Sunday mornings are my catch up time for all the bits of the papers I’ve not managed to get to yet. Me, the terriers, coffee, bacon sandwiches and the Andrew Marr show. Bliss.
I particularly look for reasons to be cheerful in my reading. However bad things look there is usually something to cheer you up however unintended the cheer might have been. Today has, however, been a bit lean.
The media is still trying to work out why the last quarter’s GDP figures were grim even after you discount the ‘wrong type of weather’. The Arab world is in turmoil. Folks are worried about rising fuel costs, rising food costs and falling pay packets. Our national leaders are busy invoking There Is No Alternative or There Is An Alternative (but we’ll have to get back to you with the detail).
For a soon to be redundant public servant merriment is thin on the ground. Even if you’re not in my position the gloom is pretty unremitting. Nevertheless one item did tickle my fancy.
It was a review in yesterday’s Times of Andrew Neil’s programme on the crowding out of working and middle class children from the rungs of power: Posh and Posher. You may remember I found the programme profoundly depressing. The review however found Neil’s programme profoundly wrong-headed on all counts. Not least in his pessimism about the government’s proposed reforms and their likely non-impact on the lessening of social mobility.
For a TV review there was a surprisingly spirited defence of the government’s plans.
Of course if you know that the reviewer, Sarah Vine, is married to the Secretary of State for Education the political content of the TV review makes sense. It’s a wonderful example in a nutshell of how excluding and exclusive much of our public life now is. Exactly the point Neil was making.
Plebs like us get to look in on what goes on but only from a vantage point outside this rarefied world. Our snotty hooters pressed up against the glass.
The review also contained, for me, a priceless condemnation of Tony Parsons for offering a critique of the impact of the ‘poshification’ of our public life. He did so while apparently sipping tea from – wait for it – an Emma Bridgewater cup. I am advised that Emma Bridgewater is a posh brand of crockery. (Whose products are manufactured in Stoke – good for Stoke, I say)
Now this is a completely new test of competence to me: the Tea Cup test. Presumably Tony Parson’s views would be far more credible if he had been slurping from a chipped enamel mug and wiping his mouth with the back of his hairy, unmanicured, working class mitt?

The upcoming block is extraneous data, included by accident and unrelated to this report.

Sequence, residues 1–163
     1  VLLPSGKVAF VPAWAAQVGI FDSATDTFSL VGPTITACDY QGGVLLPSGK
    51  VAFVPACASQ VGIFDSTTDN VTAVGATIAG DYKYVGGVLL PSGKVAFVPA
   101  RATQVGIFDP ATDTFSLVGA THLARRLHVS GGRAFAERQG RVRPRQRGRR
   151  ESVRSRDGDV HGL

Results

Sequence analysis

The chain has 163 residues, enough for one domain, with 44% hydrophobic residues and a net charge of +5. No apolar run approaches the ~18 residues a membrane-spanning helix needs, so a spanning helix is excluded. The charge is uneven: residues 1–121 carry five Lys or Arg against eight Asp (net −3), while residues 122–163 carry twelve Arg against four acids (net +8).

I’d always dismissed Private Eye’s Me and my spoons column as an out-and-out joke but it suddenly began to dawn on me that it is, in fact, a satire on the Tea Cup test that the ruling elite has secretly imposed on society.
In my new entrepreneurial frame of mind a whole new line of business appears before me. Tea Cup consultant. Here’s my pitch –
Not getting your views across? An object of scorn to decision makers and thought leaders? Punching below your weight and you just don’t know why?
The answer could be as simple as using the wrong type of tea-cup.
Our specially trained consultants can work with you to design your own bespoke tea-cup solution.
Our specially crafted beverage receptacles guarantee you a seat at the top table in the cafe of life.
We also have available a selection of designs based on our work with leading world figures. Choose now from the Mandela, Clinton and Gates ranges – yours for $99.99 (plus P&P).
(Please note we have had to withdraw our popular Berlusconi range after some unfortunate leaks. )
At last something to sell in my eBay shop.
It seems to me to be a very curious world in which drinking from a particular type of cup disqualifies your point of view from having any merit.
While mulling over the review I was taken back to the strong women of my working class childhood. Sitting around the kitchen table forensically dissecting their various menfolk’s faults and foibles as I drove my toy cars around the floor between their slippered feet.
There was an unspoken rule that none of them transgressed. Your own bloke was fair game but woe betide any woman who had the poor sense to join in. ‘He may be an idiot but he’s my idiot, not yours.’ That was the governing principle.
I couldn’t help but wonder whether the strident defence of government education policy in the TV review comes from the same root. Perhaps the rulers and the ruled are not so different afterall?
Excuse me though, I have some tea-cups to design.